ellesmere island rules

ᐊᐅᔪᐃᑦᑐᖅ: As Sportsnet launches the 20th version of Hockey Day in Canada from Yellowknife, in the Northwest Territories, a view, undated, from north and to the east, of hockey players on the Nunavut sea-ice, near the  northernmost civilian settlement in Canada, Grise Fiord on Ellesmere Island. (Image: K.H. Roach, NWT Archives/©GNWT. Department of Public Works and Services/G-1995-001)

skate guard

Skate Guard: Cambridge Bay, Nunavut, photographer Denise LeBleu caught this scene on October 9 — “about 2:30 in the afternoon.” Looking for a game of pick-up? The pond, LeBleu reports, is “on the way to the airport, just as you are heading out to catch your plane.” Find her on Instagram @denise_lebleu_images.

leaf lookout

Point of Blue: Photojournalist Rosemary Gilliat Eaton went north in August of 1960, to Canada’s eastern Arctic. On a visit to what was then Frobisher Bay, N.W.T. — today’s Iqaluit, Nunavut — she met an Inuk Leafs fan named Mosha Michael, seen here with his binocs. As Paul Seesequasis has noted, Michael grew up to be a filmmaker. He was director, cinematographer,  and editor of the 1975 National Film Board production Natsik Hunting, the first Inuit-directed film that the NFB produced. Eaton’s 1960 notes, it should be said, reflect a nominal uncertainty — she refers to her subject as Mosha, Moosa, Moshah, and Mosher, as well as “son of Mike the Captain.” (Photo: Rosemary Gilliat Eaton / Library and Archives Canada / e010975445)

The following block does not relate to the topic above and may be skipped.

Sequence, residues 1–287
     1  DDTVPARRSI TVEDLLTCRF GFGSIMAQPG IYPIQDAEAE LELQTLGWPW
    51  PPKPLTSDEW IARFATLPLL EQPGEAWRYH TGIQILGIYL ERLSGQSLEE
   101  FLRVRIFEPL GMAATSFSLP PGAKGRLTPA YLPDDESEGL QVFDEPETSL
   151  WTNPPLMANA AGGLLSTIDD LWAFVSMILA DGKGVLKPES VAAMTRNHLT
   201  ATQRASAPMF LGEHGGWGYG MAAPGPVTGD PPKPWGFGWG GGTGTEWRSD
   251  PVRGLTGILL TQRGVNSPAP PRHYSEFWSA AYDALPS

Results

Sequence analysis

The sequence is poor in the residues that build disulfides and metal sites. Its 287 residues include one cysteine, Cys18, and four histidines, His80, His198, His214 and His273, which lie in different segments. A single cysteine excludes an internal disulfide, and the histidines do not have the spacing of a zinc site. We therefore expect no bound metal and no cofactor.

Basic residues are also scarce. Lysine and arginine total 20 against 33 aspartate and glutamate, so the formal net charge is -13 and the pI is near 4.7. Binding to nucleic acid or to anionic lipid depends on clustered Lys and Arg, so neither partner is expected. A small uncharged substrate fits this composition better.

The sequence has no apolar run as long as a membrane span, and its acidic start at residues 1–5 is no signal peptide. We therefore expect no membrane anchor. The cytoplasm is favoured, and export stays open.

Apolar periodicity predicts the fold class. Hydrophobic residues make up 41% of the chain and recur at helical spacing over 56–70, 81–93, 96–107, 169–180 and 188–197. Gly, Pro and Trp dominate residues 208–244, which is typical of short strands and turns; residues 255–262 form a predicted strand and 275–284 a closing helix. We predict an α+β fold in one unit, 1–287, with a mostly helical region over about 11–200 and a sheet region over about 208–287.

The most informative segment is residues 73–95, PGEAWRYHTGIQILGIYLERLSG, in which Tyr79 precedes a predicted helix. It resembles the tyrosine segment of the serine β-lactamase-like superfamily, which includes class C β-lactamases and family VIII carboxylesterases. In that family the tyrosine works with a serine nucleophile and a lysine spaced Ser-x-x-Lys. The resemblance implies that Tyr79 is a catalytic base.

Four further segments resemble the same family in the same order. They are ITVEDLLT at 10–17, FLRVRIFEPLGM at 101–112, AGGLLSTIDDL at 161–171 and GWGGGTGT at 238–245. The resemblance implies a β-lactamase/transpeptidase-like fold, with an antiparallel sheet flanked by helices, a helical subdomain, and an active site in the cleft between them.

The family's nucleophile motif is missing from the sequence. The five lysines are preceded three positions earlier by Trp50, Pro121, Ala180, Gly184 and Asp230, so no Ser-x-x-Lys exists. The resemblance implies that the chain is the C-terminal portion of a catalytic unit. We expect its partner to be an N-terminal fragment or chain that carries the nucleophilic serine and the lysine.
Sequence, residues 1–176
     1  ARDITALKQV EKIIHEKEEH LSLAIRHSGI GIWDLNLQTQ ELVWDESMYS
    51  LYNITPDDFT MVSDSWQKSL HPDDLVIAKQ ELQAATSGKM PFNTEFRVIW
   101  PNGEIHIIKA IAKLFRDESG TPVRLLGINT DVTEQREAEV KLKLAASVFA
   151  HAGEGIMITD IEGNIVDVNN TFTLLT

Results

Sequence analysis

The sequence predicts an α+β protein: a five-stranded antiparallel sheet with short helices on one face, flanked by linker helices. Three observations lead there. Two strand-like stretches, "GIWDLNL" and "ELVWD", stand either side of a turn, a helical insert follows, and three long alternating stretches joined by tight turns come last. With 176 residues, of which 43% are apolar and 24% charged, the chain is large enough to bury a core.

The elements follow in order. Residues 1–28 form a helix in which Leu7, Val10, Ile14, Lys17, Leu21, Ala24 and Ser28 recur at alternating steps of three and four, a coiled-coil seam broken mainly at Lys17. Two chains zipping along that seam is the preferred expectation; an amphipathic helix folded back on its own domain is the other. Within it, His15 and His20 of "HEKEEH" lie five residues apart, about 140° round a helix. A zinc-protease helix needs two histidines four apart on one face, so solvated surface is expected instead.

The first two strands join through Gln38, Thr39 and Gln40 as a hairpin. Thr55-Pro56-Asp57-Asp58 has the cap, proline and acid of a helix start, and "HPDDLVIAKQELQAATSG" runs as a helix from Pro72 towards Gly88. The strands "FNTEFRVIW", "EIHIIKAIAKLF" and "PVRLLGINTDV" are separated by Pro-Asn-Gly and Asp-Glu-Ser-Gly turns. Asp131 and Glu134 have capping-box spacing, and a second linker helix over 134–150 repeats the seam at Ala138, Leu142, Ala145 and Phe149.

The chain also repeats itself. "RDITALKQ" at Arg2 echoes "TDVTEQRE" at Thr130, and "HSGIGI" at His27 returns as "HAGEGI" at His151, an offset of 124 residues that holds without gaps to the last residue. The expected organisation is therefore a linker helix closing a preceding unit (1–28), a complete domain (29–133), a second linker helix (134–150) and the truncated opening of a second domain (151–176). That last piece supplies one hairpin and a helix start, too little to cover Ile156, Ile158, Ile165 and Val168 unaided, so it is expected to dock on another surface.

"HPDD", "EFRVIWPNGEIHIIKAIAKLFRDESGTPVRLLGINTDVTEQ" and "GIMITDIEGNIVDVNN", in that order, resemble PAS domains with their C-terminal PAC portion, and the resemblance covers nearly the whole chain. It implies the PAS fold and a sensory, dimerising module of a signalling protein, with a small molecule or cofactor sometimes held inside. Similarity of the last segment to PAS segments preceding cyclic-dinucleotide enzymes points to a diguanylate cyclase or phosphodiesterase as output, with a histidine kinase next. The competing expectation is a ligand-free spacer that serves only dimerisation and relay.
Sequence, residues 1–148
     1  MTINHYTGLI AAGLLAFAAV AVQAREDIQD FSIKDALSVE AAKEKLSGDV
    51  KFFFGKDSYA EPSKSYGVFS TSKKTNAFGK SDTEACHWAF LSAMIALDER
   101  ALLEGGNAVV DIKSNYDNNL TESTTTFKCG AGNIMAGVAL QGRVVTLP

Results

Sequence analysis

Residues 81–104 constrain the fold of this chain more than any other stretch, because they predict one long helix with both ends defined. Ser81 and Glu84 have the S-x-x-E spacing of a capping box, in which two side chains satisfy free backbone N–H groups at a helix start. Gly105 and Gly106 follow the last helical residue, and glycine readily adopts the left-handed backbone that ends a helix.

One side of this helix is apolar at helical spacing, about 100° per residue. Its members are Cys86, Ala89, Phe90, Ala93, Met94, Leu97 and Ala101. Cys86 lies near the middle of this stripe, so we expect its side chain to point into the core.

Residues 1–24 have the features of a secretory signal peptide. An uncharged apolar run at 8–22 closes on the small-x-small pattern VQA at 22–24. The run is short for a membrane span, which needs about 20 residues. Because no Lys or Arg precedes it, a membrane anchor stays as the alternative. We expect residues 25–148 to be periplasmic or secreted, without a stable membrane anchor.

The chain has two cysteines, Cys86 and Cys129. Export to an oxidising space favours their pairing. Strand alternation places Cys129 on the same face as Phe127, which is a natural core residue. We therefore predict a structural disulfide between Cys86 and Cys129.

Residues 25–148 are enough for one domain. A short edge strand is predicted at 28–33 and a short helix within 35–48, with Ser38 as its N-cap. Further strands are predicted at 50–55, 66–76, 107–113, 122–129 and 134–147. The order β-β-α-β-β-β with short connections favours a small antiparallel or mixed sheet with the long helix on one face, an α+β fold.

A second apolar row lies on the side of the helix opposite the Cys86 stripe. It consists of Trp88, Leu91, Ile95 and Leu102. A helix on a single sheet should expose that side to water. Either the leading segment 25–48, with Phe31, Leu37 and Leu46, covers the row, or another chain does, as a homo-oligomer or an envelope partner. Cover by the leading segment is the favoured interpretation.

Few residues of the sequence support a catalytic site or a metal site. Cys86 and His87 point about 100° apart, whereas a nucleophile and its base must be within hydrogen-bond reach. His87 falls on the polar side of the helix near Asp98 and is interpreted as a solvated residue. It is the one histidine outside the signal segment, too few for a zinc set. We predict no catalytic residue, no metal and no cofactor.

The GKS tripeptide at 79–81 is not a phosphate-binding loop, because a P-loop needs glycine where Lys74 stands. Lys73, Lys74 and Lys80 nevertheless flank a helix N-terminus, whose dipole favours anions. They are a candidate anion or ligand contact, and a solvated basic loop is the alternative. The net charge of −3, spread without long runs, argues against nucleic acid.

that perfectly nice blue sweater


Photojournalist Rosemary Gilliat Eaton travelled to Canada’s eastern Arctic in 1960, stopping that August in what was then Frobisher Bay, N.W.T. — today’s Iqaluit, Nunavut. Someone she met there was an Inuk boy named Mosha (her notes also refer to him as Moosa, Moshah, and Mosher), seen here in Toronto blue, preparing polar bear meat for a stew. As Paul Seesequasis has noted, the northern Leafs enthusiast grew up to be filmmaker Mosha Michael.

British-born in 1919, Eaton settled in Canada, in Ottawa; later she went to Nova Scotia, making her home in a community that may not then have been much on the national hockey map but is now: Cole Harbour. She died in 2004. The archive of her life’s work runs to 100,000 images, most of which are divided between Library and Archives Canada in Ottawa and the Cole Harbour Heritage Farm Museum.

(Photo: Rosemary Gilliat Eaton / Library and Archives Canada / e010799968)

welcome to ᑲᖏᖅᖠᓂᖅ


Tootootown: Visitors to Rankin Inlet, Nunavut, high up on the western coast of Hudson’s Bay, pass this monument on the way into town from the airport. Born in nearby Churchill, Manitoba, Tootoo, who’s 33, now spends most of his off-ice hours in Kelowna, British Columbia. According to Mark Lazerus of The Chicago Sun-Times, that’s where neighbours (and Hawks defencemen) Duncan Keith and Brent Seabrook helped to convince him to sign a one-year contract in early July to play for Chicago. “First and foremost he’s a good teammate,” Keith volunteered. “He’s a good guy to have in the locker room, and the energy that he brings — I know playing against him, I don’t like going back for pucks when he’s on the ice. You always have to be aware when he’s on the ice because he’s going to finish every hit.”

“Every team needs a little sparkplug,” is what Tootoo said. “I’ve been around the game a lot of years now, and I just want to add that little piece.”